The Fox Foundation Resident Actor Fellowships aim to further an actor’s artistic and professional development and deepen their relationship with a not-for-profit theatre. The Exceptional Merit award is $15,000 (with an additional $10,000 available to relieve student loan debt) and supports actors who are established in their careers as working professionals with 10 years or more of professional experience. The Distinguished Achievement award is $25,000 and supports actors with 20 years or more of experience who have amassed a substantial body of work. Recipients are awarded grants that allow them to look for opportunities that prolong continued growth and sustain the longevity of their careers.
The Hodder Fellowship will be awarded to writers and non-literary artists of exceptional promise to pursue independent projects at Princeton University during the academic year. Potential Hodder Fellows are writers, composers, choreographers, visual artists, performance artists, or other kinds of artists or humanists who have “much more than ordinary intellectual and literary gifts”; they are selected more “for promise than for performance.” Given the strength of the applicant pool, most successful fellows have published their first book or bear similar achievements in their own field. This fellowship provides a stipend of $88K and is open to all citizenships.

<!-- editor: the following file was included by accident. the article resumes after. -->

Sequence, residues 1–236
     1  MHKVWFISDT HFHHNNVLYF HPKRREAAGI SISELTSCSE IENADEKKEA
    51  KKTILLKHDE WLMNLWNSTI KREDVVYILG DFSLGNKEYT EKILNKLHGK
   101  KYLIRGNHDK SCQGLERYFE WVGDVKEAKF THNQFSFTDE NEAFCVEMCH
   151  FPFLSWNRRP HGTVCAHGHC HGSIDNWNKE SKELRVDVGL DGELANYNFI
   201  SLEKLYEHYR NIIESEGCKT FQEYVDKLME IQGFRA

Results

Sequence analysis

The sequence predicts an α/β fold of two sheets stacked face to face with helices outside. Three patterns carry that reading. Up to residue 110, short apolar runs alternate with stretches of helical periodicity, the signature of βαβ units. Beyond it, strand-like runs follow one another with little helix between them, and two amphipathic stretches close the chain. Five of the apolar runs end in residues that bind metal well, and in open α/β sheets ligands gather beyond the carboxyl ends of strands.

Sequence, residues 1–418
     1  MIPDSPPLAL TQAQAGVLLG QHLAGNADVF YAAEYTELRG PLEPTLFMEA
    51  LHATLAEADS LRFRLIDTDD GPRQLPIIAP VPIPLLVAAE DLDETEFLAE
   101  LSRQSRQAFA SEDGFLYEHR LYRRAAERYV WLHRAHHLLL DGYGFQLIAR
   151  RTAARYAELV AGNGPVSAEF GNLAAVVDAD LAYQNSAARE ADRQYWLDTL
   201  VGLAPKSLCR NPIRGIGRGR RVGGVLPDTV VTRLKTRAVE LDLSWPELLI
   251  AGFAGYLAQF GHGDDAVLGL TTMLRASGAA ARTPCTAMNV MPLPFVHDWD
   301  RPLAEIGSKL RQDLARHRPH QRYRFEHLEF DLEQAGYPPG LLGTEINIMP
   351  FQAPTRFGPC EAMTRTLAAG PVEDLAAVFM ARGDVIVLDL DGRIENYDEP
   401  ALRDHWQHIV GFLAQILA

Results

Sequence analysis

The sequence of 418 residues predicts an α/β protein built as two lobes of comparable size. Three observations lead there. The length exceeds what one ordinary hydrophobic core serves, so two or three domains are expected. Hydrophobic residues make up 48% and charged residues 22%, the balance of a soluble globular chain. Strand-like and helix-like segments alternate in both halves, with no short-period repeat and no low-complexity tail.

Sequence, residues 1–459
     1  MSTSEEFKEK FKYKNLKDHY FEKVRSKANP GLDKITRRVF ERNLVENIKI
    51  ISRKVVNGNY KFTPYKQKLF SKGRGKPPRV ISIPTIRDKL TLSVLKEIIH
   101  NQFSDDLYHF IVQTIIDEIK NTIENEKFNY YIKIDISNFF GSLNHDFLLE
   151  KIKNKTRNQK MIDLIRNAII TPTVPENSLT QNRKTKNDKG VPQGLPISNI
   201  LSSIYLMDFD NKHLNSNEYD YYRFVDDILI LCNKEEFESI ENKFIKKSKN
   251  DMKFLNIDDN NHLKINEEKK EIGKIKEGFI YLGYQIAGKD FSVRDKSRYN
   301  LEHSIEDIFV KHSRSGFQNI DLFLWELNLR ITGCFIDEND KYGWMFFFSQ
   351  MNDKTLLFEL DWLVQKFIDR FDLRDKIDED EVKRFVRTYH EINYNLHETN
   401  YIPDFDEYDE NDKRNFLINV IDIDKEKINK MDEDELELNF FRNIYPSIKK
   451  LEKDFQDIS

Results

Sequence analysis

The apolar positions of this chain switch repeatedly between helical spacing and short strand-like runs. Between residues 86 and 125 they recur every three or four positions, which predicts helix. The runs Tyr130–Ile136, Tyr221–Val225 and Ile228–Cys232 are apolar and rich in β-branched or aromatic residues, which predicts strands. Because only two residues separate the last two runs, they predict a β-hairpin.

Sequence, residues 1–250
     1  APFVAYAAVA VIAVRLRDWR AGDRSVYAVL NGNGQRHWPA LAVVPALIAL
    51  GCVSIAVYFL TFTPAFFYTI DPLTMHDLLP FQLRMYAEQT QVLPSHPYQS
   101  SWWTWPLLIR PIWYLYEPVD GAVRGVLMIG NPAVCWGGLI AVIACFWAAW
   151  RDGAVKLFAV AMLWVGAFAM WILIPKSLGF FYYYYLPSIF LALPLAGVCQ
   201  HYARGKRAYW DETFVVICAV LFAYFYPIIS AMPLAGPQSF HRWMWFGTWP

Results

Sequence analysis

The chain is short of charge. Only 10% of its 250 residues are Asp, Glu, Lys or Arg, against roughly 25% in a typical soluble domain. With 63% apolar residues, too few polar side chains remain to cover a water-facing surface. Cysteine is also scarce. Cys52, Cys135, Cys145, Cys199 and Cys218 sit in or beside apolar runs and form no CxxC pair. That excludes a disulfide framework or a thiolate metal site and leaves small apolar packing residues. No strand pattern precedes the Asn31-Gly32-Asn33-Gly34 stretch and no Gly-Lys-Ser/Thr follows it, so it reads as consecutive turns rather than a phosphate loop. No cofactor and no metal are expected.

This Creative Fellowship is a collaboration between IASH and the Traverse Theatre, Scotland’s leading New Writing Theatre. This fellowship is open to writers with a story or idea for an ambitious and entertaining new play that speaks to urgent issues impacting our lives now and into the future. This fellowship occurs over a 9-month period, which provides the writer with the time, space, and support needed to research and write the play while also working around other commitments. The stipend for this fellowship is £10,000-12,000. Candidates must have had at least one professionally produced play to be considered.